On the back of elephants

Historians tell Muhammad Ibrahim Ibne Towhid about the real stories behind the names of various areas in Dhaka 

elephantsOften, as a teenager, while passing through green road area of Dhaka, I asked my rickshaw puller to notify me when we are entering ‘Bhooter goli’. It was not because I am scared. I wanted to look at the houses that I passed and identify which can be the ‘haunted house’ that gave the lane its name.
While talking to a senior journalist, it was learnt that the lane may have had a different name. ‘When the British ruled this part of the country, someone named Mr. Booth may have lived in the area. While to the British, this may have been “Booth’s lane”, when translated and pronounced by the Bengalis, the name became “Bhooter goli”,’ he speculates.
Other parts of Dhaka city have even stranger names. Historians and urban experts shared the various motivations behind such names with New Age Xtra recently.
Mesbah Kamal, faculty member at the history department from the University of Dhaka, tells New Age Xtra that most areas in Dhaka got their names based on historical events that took place there, prevalent culture, famous people living there or the kind of commodity or service available in the area.
Many imaginary stories have been created centred around the 400 year old city, says Kamal. According to history, most streets and settlement of Dhaka were named by the Mughal, French, British and Bengali rulers over time. Some of the names have changed on numerous occasions.
Due to political reasons, change of power, class conflict and differences in religious perspectives, the names of settlements were altered time and again.

elephants2Dhaka is over 400 years old. It was named the capital four times and has been called a ‘mega city’, ‘a city of mosques’ and by many other names.
Travelling back in time, this city has a history with elephants and many places have been named with names associated with elephants, according to historians.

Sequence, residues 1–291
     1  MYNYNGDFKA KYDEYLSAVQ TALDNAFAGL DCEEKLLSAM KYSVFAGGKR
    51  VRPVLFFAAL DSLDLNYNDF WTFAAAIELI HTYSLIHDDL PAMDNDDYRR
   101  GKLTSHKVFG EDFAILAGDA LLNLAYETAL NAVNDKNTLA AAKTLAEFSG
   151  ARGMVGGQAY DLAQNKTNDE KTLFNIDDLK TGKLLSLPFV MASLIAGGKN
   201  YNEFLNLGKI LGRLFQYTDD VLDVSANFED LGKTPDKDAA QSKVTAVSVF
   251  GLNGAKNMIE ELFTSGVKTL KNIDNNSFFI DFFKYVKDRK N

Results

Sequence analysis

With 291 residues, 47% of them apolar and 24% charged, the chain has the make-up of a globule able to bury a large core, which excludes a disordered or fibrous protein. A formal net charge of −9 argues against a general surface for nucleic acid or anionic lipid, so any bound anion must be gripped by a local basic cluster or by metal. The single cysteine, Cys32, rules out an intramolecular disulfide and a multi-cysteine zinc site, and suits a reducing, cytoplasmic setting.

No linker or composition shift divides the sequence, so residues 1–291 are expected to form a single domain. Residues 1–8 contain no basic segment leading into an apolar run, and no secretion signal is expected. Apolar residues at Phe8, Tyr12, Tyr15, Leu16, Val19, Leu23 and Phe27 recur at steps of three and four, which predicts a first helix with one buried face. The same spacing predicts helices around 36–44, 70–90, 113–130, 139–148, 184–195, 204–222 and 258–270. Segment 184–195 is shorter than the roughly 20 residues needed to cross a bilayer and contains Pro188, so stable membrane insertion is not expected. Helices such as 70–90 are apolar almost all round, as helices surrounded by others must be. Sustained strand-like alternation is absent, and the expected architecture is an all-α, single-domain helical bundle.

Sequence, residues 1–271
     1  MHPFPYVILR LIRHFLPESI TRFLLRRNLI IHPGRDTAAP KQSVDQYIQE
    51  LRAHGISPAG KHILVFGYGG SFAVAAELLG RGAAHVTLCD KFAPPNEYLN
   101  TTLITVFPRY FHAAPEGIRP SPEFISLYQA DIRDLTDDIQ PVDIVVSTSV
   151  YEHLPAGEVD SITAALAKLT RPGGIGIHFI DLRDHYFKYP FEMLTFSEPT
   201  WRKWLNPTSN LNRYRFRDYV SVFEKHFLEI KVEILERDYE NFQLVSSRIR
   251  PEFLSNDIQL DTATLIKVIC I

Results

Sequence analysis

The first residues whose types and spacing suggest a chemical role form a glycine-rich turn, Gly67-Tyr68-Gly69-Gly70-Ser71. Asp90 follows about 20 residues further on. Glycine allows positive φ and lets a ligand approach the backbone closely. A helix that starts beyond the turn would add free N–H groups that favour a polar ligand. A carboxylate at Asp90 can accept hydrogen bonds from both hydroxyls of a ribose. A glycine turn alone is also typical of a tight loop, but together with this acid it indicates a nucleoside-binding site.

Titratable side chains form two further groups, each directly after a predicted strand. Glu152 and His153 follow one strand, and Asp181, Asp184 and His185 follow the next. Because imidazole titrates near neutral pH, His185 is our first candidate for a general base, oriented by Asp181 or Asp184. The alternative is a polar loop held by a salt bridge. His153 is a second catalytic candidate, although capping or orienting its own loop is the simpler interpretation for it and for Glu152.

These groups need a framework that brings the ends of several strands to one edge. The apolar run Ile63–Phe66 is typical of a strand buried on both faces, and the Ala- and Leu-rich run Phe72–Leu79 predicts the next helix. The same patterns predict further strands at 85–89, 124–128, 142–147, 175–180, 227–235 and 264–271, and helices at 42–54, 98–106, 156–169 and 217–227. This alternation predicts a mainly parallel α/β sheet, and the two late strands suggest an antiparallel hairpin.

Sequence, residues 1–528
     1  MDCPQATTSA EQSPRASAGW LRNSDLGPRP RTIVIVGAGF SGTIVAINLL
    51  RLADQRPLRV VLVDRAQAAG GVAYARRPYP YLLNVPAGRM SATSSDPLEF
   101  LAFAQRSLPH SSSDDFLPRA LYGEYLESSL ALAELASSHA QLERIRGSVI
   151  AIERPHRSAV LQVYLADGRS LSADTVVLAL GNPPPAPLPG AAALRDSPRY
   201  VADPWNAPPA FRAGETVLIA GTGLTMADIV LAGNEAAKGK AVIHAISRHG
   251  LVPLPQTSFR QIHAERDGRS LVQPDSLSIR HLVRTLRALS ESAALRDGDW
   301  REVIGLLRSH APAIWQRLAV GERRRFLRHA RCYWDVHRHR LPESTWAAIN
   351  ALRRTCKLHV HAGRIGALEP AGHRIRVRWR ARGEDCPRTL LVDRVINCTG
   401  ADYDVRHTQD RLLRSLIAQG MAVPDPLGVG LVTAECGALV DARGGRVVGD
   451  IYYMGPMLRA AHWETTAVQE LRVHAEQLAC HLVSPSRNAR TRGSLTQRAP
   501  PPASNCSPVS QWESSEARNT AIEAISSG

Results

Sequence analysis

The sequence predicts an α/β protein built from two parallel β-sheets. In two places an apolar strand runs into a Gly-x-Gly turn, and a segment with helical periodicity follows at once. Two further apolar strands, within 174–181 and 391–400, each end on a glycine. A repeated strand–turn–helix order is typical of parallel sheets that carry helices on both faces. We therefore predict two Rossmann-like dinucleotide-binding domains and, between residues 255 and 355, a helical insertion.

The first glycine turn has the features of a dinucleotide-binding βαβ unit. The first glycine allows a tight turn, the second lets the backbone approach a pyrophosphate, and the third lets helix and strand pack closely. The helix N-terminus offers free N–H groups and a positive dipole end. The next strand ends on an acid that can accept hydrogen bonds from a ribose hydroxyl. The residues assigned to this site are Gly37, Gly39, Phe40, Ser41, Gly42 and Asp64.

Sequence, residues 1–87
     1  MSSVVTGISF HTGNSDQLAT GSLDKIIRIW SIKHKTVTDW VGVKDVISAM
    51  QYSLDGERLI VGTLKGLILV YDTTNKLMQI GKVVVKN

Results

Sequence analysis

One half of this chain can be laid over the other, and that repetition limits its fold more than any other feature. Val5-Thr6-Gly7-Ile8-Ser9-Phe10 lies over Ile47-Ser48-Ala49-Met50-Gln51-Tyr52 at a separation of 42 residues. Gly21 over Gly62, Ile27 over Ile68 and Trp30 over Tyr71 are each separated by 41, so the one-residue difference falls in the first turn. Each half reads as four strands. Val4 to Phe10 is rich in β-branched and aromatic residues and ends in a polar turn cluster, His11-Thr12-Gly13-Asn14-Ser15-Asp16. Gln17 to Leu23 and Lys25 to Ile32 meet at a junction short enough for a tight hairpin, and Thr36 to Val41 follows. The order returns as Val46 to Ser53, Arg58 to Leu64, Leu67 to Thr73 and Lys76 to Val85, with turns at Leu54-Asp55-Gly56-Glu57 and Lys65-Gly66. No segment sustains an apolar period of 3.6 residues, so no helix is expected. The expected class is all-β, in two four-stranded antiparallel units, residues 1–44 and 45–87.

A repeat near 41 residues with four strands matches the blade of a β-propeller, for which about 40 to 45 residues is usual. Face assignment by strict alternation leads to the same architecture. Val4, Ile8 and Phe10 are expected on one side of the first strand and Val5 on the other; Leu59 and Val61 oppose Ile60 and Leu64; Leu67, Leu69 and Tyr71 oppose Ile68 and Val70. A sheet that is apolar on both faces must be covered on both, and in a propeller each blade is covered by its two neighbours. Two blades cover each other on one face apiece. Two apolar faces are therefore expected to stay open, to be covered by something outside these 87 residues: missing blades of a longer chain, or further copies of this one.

The headquarters of Border Guards Bangladesh (BGB), currently located near the New Market, is known as the Peelkhana. In Persian, ‘Pil’ means elephant.
During the Mughal reign and also during the British rule, majority of the elephants were kept in this area and hence it has been known as Pilkhana or a place where elephants are kept.
Elephants walked all the way towards today’s Dhanmondi to have their food. The place named Kalabagan was told to be a place where there were lots of banana trees, which elephants loved.
Elephants walked all the way from Pilkhana to Dhanmondi, and the road in between was named Elephant road.
On a different note, Dhanmondi once had a large market where rice was sold. The word ‘dhan’ means rice and ‘mondi’ means a place where things are sold or a marketplace.
Coming back to the story of elephants, after having their meals, the elephants went for shower. As they again walked through today’s Elephant road, they crossed a bridge or pool. This place came to be known as ‘Hatir pool’ or Hatirpul. The historian points out that there was a bridge here that the elephants may have crossed regularly.
Another interpretation behind the name of Hatirpul is that the area had a bridge, on the entrance of which were the sculpted heads of two elephants. Whatever the case may be, this place definitely bears the history of elephants.
The elephants are told to have walked all the way to Hatirjheel and took shower in these ponds. As we know the name of the place today, we can associate them with the history of elephants also.
The redecorated canal of today was a massive water body at the time, as has been found in many research papers and historical documents over a hundred to 200 years old. Some of these documents also claimed that this waterbody may have once been a river that later narrowed down to a canal.
The history of the elephants linked with different places of Dhaka city have been elaborately mentioned in the book ‘Dhaka: Smriti bisritir nogor’ by Muntasir Mamun. There are two parts of the book, where the history of many lanes, markets, places and streets of Dhaka have been mentioned.
Mamun shares with New Age Xtra, ‘I have tried to present a history of the 400 year-old city’, while adding that the city owes most of its names to the legacy of elephants left around the eighteenth century.
At the time, Dhaka relied heavily on the powerful animals as the elephants were used to travel through forests and most importantly carried materials for construction of bridges and railways. Elephants kept in Dhaka were sent to different parts of the country to be used in heavy lifting in different projects.
But with the emergence of new transports, elephants are now a rarity in Dhaka.

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